US6489824Aug 24, 2001Dec 3, 2002Hitachi, Ltd.Timing-control circuit device and clock distribution system
US6584574 *Sep 22, 1999Jun 24, 2003Sony CorporationFlexible phase-locked loop system to indicate synchronization using difference between internal and external clock signals
US6670857 *Jul 16, 2002Dec 30, 2003Kabushiki Kaisha ToshibaAudio clock restoring apparatus and audio clock restoring method
US6867616Jun 4, 2003Mar 15, 2005Altera CorporationProgrammable logic device serial interface having dual-use phase-locked loop circuitry
US6924678Oct 21, 2003Aug 2, 2005Altera CorporationProgrammable phase-locked loop circuitry for programmable logic device
US7019570Sep 5, 2003Mar 28, 2006Altera CorporationDual-gain loop circuitry for programmable logic device
US7071743May 16, 2005Jul 4, 2006Altera CorporationProgrammable phase-locked loop circuitry for programmable logic device
US7075365Apr 22, 2004Jul 11, 2006Altera CorporationConfigurable clock network for programmable logic device
US7079611 *Jun 14, 2001Jul 18, 2006National Instruments CorporationSystem and method for synchronizing an asynchronous frequency for use in a digital system
US7109816 *Jan 28, 2005Sep 19, 2006Freescale Semiconductor, Inc.Dual port modulator comprising a frequency synthesiser
US7187220 *Dec 18, 2003Mar 6, 2007Nvidia CorporationMemory clock slowdown
US7190755 *Oct 4, 2002Mar 13, 2007Altera CorporationPhase-locked loop circuitry for programmable logic devices
US7212640 *Nov 29, 2000May 1, 2007Bizjak Karl MVariable attack and release system and method
US7230495Apr 28, 2004Jun 12, 2007Micron Technology, Inc.Phase-locked loop circuits with reduced lock time
US7286007Nov 17, 2005Oct 23, 2007Altera CorporationConfigurable clock network for programmable logic device
US7307459Mar 16, 2006Dec 11, 2007Altera CorporationProgrammable phase-locked loop circuitry for programmable logic device
US7356111 *Jan 14, 2003Apr 8, 2008Advanced Micro Devices, Inc.Apparatus and method for fractional frequency division using multi-phase output VCO
US7412019 *Jul 30, 2004Aug 12, 2008Faraday Technology Corp.Spread spectrum clock generator
US7436228Dec 22, 2005Oct 14, 2008Altera CorporationVariable-bandwidth loop filter methods and apparatus
US7623609 *Oct 10, 2008Nov 24, 2009Altera CorporationDynamic phase alignment methods and apparatus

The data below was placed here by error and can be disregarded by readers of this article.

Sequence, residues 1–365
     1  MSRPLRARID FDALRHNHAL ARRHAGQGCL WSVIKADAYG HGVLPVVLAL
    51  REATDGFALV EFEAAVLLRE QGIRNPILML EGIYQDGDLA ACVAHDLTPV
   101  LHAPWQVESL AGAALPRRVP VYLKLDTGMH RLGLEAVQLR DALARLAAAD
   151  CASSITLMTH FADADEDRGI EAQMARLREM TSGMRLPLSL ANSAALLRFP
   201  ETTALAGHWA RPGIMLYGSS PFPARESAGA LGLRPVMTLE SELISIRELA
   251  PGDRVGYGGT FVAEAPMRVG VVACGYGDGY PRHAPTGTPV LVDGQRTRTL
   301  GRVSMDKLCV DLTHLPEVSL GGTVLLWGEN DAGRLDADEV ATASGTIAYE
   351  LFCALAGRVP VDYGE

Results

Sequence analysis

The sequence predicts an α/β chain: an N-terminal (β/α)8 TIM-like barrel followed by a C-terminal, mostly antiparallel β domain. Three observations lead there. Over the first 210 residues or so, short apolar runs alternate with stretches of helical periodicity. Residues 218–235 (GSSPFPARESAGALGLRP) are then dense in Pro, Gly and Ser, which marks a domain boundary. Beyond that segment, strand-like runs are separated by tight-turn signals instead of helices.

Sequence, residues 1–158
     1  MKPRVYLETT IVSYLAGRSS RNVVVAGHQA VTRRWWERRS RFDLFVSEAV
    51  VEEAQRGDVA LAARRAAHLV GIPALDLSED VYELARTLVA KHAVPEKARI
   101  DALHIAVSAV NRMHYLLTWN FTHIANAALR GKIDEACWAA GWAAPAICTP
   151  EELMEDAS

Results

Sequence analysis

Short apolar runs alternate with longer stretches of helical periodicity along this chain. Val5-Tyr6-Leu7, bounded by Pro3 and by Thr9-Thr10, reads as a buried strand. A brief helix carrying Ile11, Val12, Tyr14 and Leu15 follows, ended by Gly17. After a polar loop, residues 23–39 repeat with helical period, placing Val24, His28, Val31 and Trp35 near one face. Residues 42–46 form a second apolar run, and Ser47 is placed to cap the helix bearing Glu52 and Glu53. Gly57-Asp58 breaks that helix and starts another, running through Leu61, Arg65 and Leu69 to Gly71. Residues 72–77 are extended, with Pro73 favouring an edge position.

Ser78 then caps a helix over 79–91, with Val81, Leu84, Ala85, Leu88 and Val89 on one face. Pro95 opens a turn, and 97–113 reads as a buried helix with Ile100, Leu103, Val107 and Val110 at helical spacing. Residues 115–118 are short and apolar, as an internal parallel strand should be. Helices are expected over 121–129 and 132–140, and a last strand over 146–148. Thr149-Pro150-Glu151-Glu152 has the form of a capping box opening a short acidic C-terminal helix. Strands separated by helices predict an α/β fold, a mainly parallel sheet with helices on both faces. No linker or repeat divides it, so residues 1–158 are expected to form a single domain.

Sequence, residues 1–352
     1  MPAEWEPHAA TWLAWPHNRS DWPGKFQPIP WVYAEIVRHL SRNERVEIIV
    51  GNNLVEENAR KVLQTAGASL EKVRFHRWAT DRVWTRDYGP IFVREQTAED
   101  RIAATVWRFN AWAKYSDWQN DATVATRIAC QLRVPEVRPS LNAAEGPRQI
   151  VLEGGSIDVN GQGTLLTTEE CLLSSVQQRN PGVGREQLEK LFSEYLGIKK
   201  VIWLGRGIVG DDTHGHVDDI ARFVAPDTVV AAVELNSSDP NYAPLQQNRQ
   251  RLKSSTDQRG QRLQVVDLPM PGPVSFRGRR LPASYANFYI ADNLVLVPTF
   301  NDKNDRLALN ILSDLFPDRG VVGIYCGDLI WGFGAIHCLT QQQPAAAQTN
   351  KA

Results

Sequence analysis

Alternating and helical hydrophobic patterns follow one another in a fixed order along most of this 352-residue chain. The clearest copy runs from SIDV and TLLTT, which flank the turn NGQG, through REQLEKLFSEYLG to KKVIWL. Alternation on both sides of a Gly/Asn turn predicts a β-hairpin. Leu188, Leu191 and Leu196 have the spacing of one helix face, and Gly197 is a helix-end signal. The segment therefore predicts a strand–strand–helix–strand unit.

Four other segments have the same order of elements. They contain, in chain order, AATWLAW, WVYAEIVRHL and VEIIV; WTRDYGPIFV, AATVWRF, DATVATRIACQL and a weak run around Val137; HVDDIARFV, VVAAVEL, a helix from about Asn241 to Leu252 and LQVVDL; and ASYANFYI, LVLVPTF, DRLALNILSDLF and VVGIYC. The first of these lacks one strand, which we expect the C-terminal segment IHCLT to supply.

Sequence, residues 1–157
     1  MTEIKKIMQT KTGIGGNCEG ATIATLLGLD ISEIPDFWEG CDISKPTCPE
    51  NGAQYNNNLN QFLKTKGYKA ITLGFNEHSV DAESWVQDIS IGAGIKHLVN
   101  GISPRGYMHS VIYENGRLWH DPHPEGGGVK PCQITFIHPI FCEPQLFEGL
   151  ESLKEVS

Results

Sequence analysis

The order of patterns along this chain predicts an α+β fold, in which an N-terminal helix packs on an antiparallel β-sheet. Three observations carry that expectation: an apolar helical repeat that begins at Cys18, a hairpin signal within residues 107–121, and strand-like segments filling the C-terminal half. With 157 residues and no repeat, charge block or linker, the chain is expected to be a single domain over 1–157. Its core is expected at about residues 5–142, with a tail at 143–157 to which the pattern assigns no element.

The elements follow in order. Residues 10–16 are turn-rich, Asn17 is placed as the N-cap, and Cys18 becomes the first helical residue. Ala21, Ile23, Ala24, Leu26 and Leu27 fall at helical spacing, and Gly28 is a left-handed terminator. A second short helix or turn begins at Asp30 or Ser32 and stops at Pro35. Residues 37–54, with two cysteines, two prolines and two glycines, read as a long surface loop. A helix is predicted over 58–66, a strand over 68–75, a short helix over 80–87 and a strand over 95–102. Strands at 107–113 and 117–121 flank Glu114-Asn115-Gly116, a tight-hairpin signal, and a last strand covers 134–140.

US7646237Jul 30, 2007Jan 12, 2010Altera CorporationConfigurable clock network for programmable logic device
US7657775Nov 22, 2007Feb 2, 2010Nvidia CorporationDynamic memory clock adjustments
US7733987 *Nov 30, 2006Jun 8, 2010Icom IncorporatedClock signal reproduction device and clock signal reproduction method
US7859329Nov 25, 2009Dec 28, 2010Altera CorporationConfigurable clock network for programmable logic device
US8049539 *Mar 31, 2003Nov 1, 2011Fujitsu Semiconductor LimitedCircuit with variation correction function
US8072260Nov 22, 2010Dec 6, 2011Altera CorporationConfigurable clock network for programmable logic device
US8120429May 26, 2010Feb 21, 2012Altera CorporationVoltage-controlled oscillator methods and apparatus
US8144249 *Oct 23, 2008Mar 27, 2012Mstar Semiconductor, Inc.Multi-slicing horizontal synchronization signal generating apparatus and method
US8207762 *Jan 6, 2010Jun 26, 2012Siemens Milltronics Process Instruments, Inc.Digital time base generator and method for providing a first clock signal and a second clock signal
US8253484Oct 28, 2011Aug 28, 2012Altera CorporationConfigurable clock network for programmable logic device
US8385476Apr 24, 2002Feb 26, 2013Texas Instruments IncorporatedDigital phase locked loop
US8441314Jul 26, 2012May 14, 2013Altera CorporationConfigurable clock network for programmable logic device
US8680913May 13, 2013Mar 25, 2014Altera CorporationConfigurable clock network for programmable logic device
US8707081Oct 12, 2010Apr 22, 2014Nvidia CorporationMemory clock slowdown
US8742808Dec 11, 2012Jun 3, 2014Texas Instruments IncorporatedDigital phase locked loop
US20090135301 *Oct 23, 2008May 28, 2009Mstar Semiconductor, Inc.Multi-slicing Horizontal Synchronization Signal Generating Apparatus and Method
US20100201408 *Jan 6, 2010Aug 12, 2010Siemens Milltronics Process Instruments, Inc.Digital Time Base Generator and Method for Providing a First Clock Signal and a Second Clock Signal
EP1261134A2 *Apr 25, 2002Nov 27, 2002Texas Instruments IncorporatedDigital phase locked loop
EP1280358A2 *Jul 10, 2002Jan 29, 2003Kabushiki Kaisha ToshibaAudio clock restoring apparatus and audio clock restoring method
Classifications
U.S. Classification327/156, 327/162, 327/154
International ClassificationH03L7/199, H03L7/23
Cooperative ClassificationH03L7/199, H03L7/235
European ClassificationH03L7/23N
Legal Events
DateCodeEventDescription
Oct 2, 2012FPExpired due to failure to pay maintenance fee
Effective date: 20120815
Aug 15, 2012LAPSLapse for failure to pay maintenance fees
Mar 26, 2012REMIMaintenance fee reminder mailed
Feb 25, 2008REMIMaintenance fee reminder mailed
Feb 15, 2008FPAYFee payment
Year of fee payment: 8
Feb 16, 2004FPAYFee payment
Year of fee payment: 4
Dec 17, 1997ASAssignment
Owner name: SONY CORPORATION, JAPAN
Free format text: ASSIGNMENT OF ASSIGNORS INTEREST;ASSIGNOR:EMBREE, PAUL MICHAEL;REEL/FRAME:008928/0989
Effective date: 19971215